There are two priority areas for arts education advocacy at the federal level: strengthening the arts in the Elementary & Secondary Education Act (ESEA, most recently called the No Child Left Behind Act), and supporting the Arts in Education program at the U.S...
There are two priority areas for arts education advocacy at the federal level: strengthening the arts in the Elementary & Secondary Education Act (ESEA, most recently called the No Child Left Behind Act), and supporting the Arts in Education program at the U.S. Department of Education.
On June 11 and 12, the Senate education committee approved, by party-line vote, S.1094, the "Strengthening America's Schools Act" introduced by Chairman Tom Harkin. The legislation was based on a similar bill that Mr. Harkin introduced in the previous Congress which also passed out of committee but didn't make it to the Senate floor before that Congress adjourned. This Harkin bill includes a number of positive developments for arts education and is expected to be considered by the full Senate this Fall.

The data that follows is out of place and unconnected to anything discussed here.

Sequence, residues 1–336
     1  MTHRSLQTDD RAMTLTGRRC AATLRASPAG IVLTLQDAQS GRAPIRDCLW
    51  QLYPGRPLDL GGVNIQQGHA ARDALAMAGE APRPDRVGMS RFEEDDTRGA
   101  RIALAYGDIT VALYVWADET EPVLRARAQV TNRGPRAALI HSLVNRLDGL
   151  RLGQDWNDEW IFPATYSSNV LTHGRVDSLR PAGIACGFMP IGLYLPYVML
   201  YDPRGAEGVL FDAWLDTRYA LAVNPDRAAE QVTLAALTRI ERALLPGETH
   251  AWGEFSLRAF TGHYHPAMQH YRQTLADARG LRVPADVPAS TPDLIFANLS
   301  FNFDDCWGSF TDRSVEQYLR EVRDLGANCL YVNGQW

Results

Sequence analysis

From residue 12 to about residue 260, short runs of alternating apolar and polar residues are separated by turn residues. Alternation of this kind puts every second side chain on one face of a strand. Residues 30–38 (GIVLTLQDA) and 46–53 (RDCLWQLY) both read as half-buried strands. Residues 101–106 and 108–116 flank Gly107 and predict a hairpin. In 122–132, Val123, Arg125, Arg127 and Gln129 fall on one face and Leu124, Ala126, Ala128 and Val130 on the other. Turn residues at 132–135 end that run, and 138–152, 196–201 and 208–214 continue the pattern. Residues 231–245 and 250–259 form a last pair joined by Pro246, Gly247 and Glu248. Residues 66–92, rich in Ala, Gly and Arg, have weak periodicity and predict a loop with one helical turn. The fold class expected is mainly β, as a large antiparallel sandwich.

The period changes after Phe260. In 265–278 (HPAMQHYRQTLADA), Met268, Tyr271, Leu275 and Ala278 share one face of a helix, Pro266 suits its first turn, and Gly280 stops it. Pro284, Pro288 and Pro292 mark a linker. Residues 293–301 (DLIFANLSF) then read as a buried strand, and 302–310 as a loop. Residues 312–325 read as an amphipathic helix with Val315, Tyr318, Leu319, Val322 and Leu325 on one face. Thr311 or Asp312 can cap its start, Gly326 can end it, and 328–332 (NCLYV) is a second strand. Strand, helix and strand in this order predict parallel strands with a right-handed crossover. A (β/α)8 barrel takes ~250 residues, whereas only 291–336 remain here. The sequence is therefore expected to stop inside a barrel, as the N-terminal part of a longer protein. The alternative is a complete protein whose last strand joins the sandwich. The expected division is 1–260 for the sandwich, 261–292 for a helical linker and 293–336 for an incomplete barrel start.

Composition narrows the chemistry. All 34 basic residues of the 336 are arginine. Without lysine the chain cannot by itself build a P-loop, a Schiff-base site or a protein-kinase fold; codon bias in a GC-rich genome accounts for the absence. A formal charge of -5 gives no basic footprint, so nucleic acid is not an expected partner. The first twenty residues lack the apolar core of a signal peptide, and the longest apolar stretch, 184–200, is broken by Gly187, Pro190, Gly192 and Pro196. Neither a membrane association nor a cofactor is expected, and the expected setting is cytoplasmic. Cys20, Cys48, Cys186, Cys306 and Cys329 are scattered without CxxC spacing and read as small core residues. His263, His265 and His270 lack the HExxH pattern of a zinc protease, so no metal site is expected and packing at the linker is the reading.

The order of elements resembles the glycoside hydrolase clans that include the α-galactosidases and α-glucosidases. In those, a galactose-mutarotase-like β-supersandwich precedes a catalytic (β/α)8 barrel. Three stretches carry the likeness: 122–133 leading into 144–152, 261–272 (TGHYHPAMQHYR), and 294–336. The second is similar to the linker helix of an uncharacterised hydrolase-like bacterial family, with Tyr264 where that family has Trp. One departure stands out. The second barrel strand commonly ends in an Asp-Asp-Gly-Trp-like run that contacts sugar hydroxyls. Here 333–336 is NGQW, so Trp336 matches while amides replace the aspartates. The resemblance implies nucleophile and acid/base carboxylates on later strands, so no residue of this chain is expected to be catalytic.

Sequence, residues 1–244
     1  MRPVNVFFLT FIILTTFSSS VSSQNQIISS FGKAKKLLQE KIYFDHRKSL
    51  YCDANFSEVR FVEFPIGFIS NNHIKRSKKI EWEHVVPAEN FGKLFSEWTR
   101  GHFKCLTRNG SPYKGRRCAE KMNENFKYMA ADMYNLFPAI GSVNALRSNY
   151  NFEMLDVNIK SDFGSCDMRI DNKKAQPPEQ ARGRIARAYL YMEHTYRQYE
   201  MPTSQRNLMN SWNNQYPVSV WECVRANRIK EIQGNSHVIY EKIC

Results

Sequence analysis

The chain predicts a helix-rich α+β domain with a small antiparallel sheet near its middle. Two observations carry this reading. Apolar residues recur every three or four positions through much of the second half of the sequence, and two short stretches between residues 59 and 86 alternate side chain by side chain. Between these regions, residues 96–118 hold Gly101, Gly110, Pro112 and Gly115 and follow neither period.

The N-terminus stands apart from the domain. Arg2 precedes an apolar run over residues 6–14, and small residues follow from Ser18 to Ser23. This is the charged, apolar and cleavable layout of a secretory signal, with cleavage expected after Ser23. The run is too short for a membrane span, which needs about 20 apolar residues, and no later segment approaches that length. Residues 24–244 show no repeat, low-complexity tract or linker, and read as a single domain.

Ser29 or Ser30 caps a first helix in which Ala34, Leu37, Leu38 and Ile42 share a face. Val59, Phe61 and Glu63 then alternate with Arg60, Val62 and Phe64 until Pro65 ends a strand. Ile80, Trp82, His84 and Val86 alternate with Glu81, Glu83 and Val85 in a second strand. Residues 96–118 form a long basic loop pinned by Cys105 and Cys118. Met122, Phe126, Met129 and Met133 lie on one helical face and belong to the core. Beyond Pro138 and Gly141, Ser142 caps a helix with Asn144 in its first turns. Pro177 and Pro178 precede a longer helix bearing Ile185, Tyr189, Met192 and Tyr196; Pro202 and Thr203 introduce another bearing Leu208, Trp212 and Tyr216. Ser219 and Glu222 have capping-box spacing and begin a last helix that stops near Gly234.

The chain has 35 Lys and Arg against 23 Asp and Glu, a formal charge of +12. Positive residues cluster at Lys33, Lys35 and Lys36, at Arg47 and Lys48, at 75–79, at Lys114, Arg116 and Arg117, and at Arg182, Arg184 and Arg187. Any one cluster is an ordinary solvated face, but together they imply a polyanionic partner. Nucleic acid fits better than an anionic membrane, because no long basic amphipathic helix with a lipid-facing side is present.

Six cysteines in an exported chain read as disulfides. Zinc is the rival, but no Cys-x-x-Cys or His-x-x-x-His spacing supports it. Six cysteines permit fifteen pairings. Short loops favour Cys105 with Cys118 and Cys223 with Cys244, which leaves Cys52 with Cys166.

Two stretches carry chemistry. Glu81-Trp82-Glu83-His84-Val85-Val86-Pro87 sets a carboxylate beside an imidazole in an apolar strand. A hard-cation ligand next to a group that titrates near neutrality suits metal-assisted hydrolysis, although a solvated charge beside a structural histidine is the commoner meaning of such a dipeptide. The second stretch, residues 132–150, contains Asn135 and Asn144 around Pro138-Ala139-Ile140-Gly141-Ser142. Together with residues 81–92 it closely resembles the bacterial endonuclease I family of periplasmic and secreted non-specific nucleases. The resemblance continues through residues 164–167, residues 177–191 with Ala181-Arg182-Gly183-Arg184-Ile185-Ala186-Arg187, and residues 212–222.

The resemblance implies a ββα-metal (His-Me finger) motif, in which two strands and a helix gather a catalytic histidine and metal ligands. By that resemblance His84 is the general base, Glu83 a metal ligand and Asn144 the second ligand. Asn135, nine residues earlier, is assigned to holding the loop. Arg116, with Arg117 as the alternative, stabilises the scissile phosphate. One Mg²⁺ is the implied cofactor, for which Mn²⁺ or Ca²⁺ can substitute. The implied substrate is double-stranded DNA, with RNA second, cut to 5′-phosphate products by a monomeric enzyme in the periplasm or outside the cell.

On June 19, the House Education & Workforce Committee approved, by a similar party-line vote, the "Student Success Act" (H.R. 5) introduced by Chairman John Kline (R-MN). This legislation was passed 221-207 on July 19. A Substitute Amendment, with several pro-arts provisions, proposed by Ranking Member George Miller (D-CA) was defeated 193-233 during full consideration by the House on July 19.
Further details on strengthening the arts in our nation's education policies, including legislative recommendations are online here.
Also, arts education funding is under threat in a House GOP budget proposal and in the Administration's FY 2014 budget request. The Arts in Education program has survived threats like these in previous years through support of grassroots advocates and support by Senate champions like Chairman Tom Harkin (D-IA) and Sen. Thad Cochran (R-MS). The Senate Appropriations Subcommittee FY 2014 legislation provides $27 million for the federal Arts in Education program which we hope will be enacted into law.
Please take a few minutes to write to your members of Congress and ask them to support strengthening arts education in federal policy.
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